1 of every 17 people in the U.S. has been infected, and 1 in 1,000 has died. Yet the worst may lie ahead.

1 of every 17 people in the U.S. has been infected, and 1 in 1,000 has died. Yet the worst may lie ahead.

1 of every 17 people in the U.S. has been infected, and 1 in 1,000 has died. Yet the worst may lie ahead.

1 of every 17 people in the U.S. has been infected, and 1 in 1,000 has died. Yet the worst may lie ahead.

About 3.8 million people passed through Transportation Safety Administration travel checkpoints between Dec. 23 and Dec. 26, compared with 9.5 million on those days last year. Only a quarter of the number who flew on the day after Christmas last year did so on Friday, and Christmas Eve travel was down by one-third from 2019.

And AAA’s forecast that more than 81 million Americans would travel by car for the holiday period, from Dec. 23 to Jan. 3, which would be about one-third fewer than last year.

For now, the U.S. is no longer seeing overall explosive growth, although California’s worsening outbreak has canceled out progress in other parts of the country. The state has added more than 300,000 cases in the seven-day period ending Dec. 22. And six Southern states have seen sustained case increases in the last week: Tennessee, Alabama, Georgia, South Carolina, Florida and Texas.

Holiday reporting anomalies may obscure any post-Christmas spike until the second week of January. Testing was expected to decrease around Christmas and New Year’s, and many states said they would not report data on certain days.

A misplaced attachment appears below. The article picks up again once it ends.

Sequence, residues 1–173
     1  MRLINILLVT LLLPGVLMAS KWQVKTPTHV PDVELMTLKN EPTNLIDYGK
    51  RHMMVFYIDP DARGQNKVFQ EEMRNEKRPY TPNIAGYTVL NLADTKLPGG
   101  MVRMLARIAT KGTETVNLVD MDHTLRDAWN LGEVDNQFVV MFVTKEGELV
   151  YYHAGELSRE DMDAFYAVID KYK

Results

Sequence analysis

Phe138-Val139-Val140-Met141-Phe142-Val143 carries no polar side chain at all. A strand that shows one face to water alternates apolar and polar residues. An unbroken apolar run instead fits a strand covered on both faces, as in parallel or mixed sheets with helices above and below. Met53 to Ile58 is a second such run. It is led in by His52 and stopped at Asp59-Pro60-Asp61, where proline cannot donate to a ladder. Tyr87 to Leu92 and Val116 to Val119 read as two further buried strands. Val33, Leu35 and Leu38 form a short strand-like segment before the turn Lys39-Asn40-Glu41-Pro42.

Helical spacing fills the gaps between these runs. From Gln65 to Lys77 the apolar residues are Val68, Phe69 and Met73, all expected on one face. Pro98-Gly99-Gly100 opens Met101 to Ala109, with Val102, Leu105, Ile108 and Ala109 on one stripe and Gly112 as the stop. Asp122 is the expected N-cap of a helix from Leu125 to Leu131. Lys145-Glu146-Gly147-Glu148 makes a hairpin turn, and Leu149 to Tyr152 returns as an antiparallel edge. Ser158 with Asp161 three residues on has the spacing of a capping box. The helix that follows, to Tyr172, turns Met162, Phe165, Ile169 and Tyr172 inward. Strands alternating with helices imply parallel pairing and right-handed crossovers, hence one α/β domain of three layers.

On Christmas Day, numbers for new infections, 91,922, and deaths, 1,129, were significantly lower than the seven-day averages. But on Saturday, new infections jumped past 225,800 new cases and deaths rose past 1,640, an expected increase over Friday as some states reported numbers for two days post-Christmas.

Looking to the Thanksgiving holiday for lessons is complicated. Case numbers and deaths have continued to rise since, but the patterns look like a plethora of microspreads rather than a mass superspreader event.

Over all, experts have told The Times, areas of the U.S. that were improving pre-Thanksgiving — like the Midwest — continued to do well afterward, while regions that were seeing higher numbers before the holiday continued to worsen.


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